We've dissected the idea of a "retirement number," the dollar figure that a financial plan or calculator spits out as being how much you need. At some point, we've all done this and at the very least it's a decent frame of reference. I've also been critical of the idea because no matter what someone once told you is your number to retire at 65, once you get there, whatever number you actually have is your reality. If at 40, someone said $1.1 million and you get to 65 with $830,000, the $1.1 million means nothing.

Another element of this entire process is periodic assessments to make sure you're generally where you should be. If you're ten years away from where you think you want to retire or 20, it makes to isolate and address any *serious* potential shortfalls. That which is serious will depend on the individual, it's all fair game, it's your money and your retirement. Also relevant is an understanding of normal market behavior at a point where emotions are not likely to be running high. Normal market behavior includes the reality that in just about any ten year period the US stock market is going to be up, not down. The size of the gain might be great, like the last ten years, or nominal, and of course negative is always a possibility.

For people who do not want to crunch numbers or pay for someone else to do it for them, I think there is a way to do a very simplistic, even if not totally accurate, periodic assessment. Start with how much you have now. How many years until you hope to retire? How long will it take for your money to double, or put differently what might your retirement balance be on your planned retirement date? How much are you likely to save between now and when you retire? There will be a little math but not serious number crunching.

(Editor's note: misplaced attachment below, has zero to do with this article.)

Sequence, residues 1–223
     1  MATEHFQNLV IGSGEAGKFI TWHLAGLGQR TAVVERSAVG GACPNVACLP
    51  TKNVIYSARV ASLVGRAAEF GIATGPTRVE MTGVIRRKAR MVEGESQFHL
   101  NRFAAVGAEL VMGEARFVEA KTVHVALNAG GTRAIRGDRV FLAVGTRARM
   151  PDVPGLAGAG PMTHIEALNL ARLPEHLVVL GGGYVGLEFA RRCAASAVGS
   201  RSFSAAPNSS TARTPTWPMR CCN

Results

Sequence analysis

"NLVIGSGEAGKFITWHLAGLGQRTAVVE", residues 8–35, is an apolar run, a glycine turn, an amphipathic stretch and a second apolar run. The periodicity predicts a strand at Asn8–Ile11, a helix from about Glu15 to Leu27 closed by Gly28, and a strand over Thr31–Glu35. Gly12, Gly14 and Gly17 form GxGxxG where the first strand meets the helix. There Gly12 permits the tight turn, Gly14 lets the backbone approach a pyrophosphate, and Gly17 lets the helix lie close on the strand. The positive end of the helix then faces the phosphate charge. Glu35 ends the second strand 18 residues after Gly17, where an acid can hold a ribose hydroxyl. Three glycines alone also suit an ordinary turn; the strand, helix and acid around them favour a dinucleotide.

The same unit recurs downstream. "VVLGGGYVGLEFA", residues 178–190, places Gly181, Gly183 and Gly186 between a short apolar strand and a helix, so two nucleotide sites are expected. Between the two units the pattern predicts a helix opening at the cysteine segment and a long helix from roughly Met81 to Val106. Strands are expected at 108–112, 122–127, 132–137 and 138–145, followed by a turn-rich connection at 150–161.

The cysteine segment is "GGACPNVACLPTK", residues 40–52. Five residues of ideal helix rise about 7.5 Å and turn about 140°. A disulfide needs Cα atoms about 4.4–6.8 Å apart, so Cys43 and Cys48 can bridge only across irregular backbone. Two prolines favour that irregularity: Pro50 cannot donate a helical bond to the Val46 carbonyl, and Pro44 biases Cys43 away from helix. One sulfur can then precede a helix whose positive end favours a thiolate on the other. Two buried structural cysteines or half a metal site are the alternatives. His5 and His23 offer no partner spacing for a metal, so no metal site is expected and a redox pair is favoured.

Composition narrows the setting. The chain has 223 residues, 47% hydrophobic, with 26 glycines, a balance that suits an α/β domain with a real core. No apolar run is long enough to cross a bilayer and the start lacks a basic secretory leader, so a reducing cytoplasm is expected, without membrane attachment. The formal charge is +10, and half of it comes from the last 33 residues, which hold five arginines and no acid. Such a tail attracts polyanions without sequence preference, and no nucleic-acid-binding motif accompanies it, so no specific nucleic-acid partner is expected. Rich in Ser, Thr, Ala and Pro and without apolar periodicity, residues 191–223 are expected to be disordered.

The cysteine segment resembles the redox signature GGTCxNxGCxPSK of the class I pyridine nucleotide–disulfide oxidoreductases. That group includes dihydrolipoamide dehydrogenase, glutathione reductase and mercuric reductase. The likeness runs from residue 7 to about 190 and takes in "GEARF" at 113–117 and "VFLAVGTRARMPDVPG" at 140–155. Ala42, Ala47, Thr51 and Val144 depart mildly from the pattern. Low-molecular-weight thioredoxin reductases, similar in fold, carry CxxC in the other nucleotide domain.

Let's say a 50 year old has $500,000 and wants to retire at 65. Assuming a 5% average annual return (of course returns won't be linear) and with a little help from the rule of 72, when this person is 65 their current balance would be $1 million. Making a static assumption about future contributions, let's say $1500/mo for the next 15 years, they'd have another $270,000 (plus whatever that money gained). This 50 year old needs to then figure out whether a 4% withdrawal rate plus Social Security (or they can leave that out to be very conservative) plus any other visible sources of income will get the job done. If that is a little short, what about a 5% withdrawal rate? We all know that 4% is believed to be the optimal withdrawal rate for sustainability but 5% still has a very strong likelihood of sustaining.

Someone who thinks they need $80,000 from their portfolio has a potentially serious shortfall to address, 4% of $1,270,000 is $50,000.

For a driveby understanding, this works. For someone who needs details, it doesn't. My experience is that most people just want to know if they are on track. I would describe the above as requiring basic financial literacy and that can get you by for a while, quite a while. At some point though, this will require more time, either people need to spend the time to learn and then manage or they need to delegate it to someone else. Mistakes related to sequence of return risk, the order of accounts from which you draw from (taxable account, IRA, Roth IRA), strategies for claiming Social Security and others are complicated and can be extremely costly if you get them wrong.

In the mean time, keep saving, if you're not already doing so, start living below your means and get healthier.